The stance of the philologist towards antiquity is apologetic, or else dictated by the view that what our own age esteems highly can likewise be found in antiquity. The correct point of departure, however, is the reverse one, namely, to proceed from an insight into our modern perversity and to look back: then much of what in antiquity had heretofore been rebarbative will appear as profound necessity. (3.325; my translation)
Brushing against the complacent, conservative philology of his time, Nietzsche struck out to set the discipline on its head, as he did spectacularly in his first book, The Birth of Tragedy out of the Spirit of Music, unleashing the force of the Dionysian for a too Apollonian academic discipline, not just as a topic but as a performance, upending in the process any number of its idées fixes and idées recues, to say nothing of its guiding values. [2]  Ulrich von Wilamowitz-Moellendorf would write a stinging and not simply defensive, much less naïve, critique, branding Nietzsche’s effort “Zukunftsphilologie” (“Future-Philology”) [3]  as a way to signify a fanciful relation to antiquity. But it was a charge Nietzsche would in turn brandish as a kind of banner: “People believe philology is at an end—and I believe that it has not yet begun” (325; my translation).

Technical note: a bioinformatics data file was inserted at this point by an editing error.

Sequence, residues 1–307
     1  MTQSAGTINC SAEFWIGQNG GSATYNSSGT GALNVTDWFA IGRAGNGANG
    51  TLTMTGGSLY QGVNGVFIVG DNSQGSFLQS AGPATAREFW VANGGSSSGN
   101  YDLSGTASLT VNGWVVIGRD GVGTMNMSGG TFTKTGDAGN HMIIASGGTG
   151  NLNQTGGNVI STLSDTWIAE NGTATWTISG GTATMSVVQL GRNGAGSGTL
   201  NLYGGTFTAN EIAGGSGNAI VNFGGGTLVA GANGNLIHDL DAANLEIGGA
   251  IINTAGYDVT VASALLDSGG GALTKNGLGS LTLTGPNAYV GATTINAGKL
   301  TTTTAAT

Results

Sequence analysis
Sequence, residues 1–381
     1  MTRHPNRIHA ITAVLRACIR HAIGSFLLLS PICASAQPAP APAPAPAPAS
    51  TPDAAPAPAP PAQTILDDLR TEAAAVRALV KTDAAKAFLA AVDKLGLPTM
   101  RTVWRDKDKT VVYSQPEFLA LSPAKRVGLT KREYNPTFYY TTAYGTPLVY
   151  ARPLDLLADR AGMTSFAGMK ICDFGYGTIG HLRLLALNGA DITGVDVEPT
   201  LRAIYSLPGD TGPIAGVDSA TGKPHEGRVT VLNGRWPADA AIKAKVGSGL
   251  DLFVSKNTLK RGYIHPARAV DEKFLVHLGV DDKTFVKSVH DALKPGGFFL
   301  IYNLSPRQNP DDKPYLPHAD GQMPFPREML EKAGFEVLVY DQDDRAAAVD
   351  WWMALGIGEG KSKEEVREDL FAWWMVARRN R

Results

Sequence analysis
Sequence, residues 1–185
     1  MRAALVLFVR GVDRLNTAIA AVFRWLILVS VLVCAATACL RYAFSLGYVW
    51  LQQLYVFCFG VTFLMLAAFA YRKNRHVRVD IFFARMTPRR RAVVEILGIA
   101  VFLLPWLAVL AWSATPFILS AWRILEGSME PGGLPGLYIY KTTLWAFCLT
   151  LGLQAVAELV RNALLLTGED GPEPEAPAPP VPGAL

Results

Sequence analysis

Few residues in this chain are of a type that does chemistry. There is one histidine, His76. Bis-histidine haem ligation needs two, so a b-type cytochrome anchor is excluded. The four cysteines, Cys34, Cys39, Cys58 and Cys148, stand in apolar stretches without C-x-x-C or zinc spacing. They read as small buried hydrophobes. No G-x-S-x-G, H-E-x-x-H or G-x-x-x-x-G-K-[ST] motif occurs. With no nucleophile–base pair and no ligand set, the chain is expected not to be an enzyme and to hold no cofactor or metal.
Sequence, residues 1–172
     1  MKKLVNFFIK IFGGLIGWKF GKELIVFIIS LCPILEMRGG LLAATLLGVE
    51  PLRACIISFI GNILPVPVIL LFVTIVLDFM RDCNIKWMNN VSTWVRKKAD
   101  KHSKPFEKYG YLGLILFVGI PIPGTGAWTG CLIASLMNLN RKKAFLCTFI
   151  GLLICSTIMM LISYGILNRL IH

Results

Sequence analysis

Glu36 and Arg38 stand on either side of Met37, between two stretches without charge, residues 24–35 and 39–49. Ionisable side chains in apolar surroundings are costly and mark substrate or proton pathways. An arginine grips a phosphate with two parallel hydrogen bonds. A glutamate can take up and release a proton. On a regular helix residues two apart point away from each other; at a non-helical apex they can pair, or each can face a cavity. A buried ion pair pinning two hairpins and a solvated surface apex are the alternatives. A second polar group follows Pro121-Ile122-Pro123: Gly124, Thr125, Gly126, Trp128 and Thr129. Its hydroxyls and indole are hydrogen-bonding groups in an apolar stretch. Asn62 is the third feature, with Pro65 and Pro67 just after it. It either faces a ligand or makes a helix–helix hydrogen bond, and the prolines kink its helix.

3.         Something of the future Nietzsche envisioned took shape in the thinkers and texts I address in what follows. I track the practice and some of the theory of “extreme” philology, critical texts that occupy a place at the edge of a spectrum of a discipline whose center has tended to be conservative in more ways than one, a discipline dedicated to preserving and honoring classic(al) texts of the past, a discipline often bent on consigning those texts to the past—embalming rather than just preserving—even as it promotes their reading in the present. [4]  The more or less Nietzschean counter-tradition is critical, skeptical, open to the dark side and to the obscurity of texts, willing to admit the limits of its knowledge as well as being not unaware of the pressure philologists in a given present can—and in some sense should—apply to texts of the past. [5]  Most particularly, the discipline of philology, which is by definition committed to making sense of texts, is, in the hands of these critical philologists, often geared to confronting crucial and definitive moments when texts stop making sense, when philology comes up against its own limits. This sort of stance need not have been and is not in every respect “extreme” but it can come across as such, in contrast to the sometimes sloppy humanist (and often bourgeois) complacency of so much that passes for philological scholarship and understanding.